We need a vacancy tax in the city


To the editor:

(re: “Open your eyes,” Jan. 3)

One of the first actions I took as a newly elected council member was to meet with the Friedland Group to do a walk-through of Johnson Avenue. The main goal of this visit was twofold — to highlight the area’s store vacancy problems, and to express my disappointment with its overall dowdy appearance.

Years later, the Friedland Group continues to be a bad steward of their commercial corridors in Riverdale — both on Johnson Avenue and Knolls Crescent. It is clear that Friedland, and many commercial landlords, do not mind having vacancies while they wait for big box stores that will pay top dollar.

That is the problem.

Councilman Ydanis Rodriguez has an interesting piece of legislation known as the Small Business Jobs Survival Act, aka commercial rent control. This bill attempts to create fair lease renewal terms, but it does not necessarily ensure positive terms for the current tenant. I do not believe that this bill will solve the central problem: vacancies.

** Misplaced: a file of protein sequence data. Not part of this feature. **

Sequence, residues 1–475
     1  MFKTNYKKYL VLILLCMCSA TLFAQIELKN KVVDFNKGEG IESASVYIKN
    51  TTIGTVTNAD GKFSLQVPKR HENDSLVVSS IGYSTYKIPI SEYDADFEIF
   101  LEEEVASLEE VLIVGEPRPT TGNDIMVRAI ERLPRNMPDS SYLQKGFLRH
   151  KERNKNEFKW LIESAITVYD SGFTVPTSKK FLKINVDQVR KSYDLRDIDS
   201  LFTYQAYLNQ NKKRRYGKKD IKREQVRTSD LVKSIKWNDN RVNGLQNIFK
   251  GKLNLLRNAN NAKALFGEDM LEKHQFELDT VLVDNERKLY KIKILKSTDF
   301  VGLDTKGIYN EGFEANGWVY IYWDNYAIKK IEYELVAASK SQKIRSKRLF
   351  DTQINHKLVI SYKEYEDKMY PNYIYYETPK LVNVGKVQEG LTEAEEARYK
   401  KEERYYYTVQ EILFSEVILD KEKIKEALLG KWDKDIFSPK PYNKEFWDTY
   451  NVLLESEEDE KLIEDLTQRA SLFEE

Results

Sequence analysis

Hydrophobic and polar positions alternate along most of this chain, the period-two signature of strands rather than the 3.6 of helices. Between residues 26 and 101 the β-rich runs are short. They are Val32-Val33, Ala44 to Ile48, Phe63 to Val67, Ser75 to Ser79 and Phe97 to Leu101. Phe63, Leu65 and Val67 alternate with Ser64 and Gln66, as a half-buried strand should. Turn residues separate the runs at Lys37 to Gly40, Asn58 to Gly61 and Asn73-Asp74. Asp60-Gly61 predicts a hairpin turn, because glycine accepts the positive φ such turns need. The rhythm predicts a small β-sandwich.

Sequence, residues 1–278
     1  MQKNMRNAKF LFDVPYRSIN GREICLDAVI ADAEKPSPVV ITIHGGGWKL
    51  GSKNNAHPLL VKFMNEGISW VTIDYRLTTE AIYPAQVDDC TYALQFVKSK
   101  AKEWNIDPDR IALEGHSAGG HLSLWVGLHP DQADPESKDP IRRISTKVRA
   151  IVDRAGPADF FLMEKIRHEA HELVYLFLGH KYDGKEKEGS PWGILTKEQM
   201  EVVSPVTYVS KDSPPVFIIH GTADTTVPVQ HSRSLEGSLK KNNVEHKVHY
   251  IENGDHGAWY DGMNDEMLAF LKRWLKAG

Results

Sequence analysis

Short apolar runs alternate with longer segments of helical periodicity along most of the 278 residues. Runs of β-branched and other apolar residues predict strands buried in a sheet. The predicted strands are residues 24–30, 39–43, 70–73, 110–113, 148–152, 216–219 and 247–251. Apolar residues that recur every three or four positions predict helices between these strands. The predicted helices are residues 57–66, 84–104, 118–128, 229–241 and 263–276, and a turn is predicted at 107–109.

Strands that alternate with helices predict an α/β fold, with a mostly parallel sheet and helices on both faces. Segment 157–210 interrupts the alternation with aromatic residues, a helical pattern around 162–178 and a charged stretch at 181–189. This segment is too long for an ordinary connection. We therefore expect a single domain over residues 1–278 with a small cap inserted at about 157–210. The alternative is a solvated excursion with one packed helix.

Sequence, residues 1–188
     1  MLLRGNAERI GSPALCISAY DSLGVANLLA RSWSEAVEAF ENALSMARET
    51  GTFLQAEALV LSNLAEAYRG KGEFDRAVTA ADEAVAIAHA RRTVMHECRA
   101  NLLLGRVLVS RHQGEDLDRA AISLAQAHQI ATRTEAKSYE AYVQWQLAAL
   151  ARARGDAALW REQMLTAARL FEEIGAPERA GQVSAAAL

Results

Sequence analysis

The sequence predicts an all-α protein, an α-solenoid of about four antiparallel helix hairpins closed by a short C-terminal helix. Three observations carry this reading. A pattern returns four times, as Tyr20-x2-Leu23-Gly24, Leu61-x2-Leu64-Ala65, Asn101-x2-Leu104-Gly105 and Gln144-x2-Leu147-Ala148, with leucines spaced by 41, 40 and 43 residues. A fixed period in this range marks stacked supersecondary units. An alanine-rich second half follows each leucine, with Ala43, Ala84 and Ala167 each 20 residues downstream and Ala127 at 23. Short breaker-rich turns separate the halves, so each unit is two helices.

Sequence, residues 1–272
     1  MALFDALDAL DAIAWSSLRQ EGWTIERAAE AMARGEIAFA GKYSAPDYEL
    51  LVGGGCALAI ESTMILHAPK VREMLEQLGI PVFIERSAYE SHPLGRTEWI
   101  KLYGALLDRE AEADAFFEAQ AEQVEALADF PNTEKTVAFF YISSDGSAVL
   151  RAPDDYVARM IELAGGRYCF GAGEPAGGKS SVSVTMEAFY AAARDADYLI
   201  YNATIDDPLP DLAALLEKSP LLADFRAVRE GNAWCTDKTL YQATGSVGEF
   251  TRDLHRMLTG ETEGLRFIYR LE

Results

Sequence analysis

I believe that the creation of a vacancy tax, a tax that landlords would be required to pay as their storefront remains unoccupied, is the answer.

Implementing this tax would be a more precise tool for bringing new businesses to our community while discouraging greedy landlords from rent-gouging our existing ones.

This would require state action, but I believe that this is the best approach to achieve fully rented, safe and vibrant commercial corridors in our district.

Andrew Cohen

The author is a city councilman representing District 11.

Andrew Cohen,